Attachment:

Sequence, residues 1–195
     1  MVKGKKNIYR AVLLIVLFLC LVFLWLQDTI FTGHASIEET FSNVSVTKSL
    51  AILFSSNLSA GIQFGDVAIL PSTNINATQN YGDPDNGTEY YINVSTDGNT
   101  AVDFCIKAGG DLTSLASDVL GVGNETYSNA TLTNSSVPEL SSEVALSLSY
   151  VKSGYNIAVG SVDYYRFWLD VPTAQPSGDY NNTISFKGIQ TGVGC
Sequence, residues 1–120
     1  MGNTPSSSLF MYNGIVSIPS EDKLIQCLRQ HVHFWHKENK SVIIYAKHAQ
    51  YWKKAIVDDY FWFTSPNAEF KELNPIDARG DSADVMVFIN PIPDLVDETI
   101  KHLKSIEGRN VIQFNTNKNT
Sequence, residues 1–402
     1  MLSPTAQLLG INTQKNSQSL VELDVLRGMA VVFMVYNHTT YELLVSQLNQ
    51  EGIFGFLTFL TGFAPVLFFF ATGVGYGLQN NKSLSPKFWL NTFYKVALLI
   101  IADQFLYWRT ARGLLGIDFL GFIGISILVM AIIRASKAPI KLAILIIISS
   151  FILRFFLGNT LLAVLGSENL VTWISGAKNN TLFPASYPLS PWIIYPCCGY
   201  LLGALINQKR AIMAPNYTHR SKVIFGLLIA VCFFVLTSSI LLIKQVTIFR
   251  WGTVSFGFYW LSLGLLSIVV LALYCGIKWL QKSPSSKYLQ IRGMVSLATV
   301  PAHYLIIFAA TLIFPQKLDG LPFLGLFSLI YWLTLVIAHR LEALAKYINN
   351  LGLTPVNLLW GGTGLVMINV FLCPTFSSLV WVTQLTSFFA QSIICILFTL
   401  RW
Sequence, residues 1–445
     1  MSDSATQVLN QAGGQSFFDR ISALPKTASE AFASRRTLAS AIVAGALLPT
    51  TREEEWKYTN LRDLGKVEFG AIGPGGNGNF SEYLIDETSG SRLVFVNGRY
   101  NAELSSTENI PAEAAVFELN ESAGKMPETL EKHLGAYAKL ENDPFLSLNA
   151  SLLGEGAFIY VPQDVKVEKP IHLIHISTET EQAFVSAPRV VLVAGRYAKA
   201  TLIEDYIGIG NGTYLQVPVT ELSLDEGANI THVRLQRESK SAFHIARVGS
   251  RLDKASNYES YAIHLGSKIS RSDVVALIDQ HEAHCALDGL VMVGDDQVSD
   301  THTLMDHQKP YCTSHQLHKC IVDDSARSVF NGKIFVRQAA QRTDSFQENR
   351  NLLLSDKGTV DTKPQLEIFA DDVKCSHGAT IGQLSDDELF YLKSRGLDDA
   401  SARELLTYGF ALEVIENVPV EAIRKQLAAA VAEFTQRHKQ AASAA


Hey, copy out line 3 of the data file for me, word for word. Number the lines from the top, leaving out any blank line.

    51  AILFSSNLSA GIQFGDVAIL PSTNINATQN YGDPDNGTEY YINVSTDGNT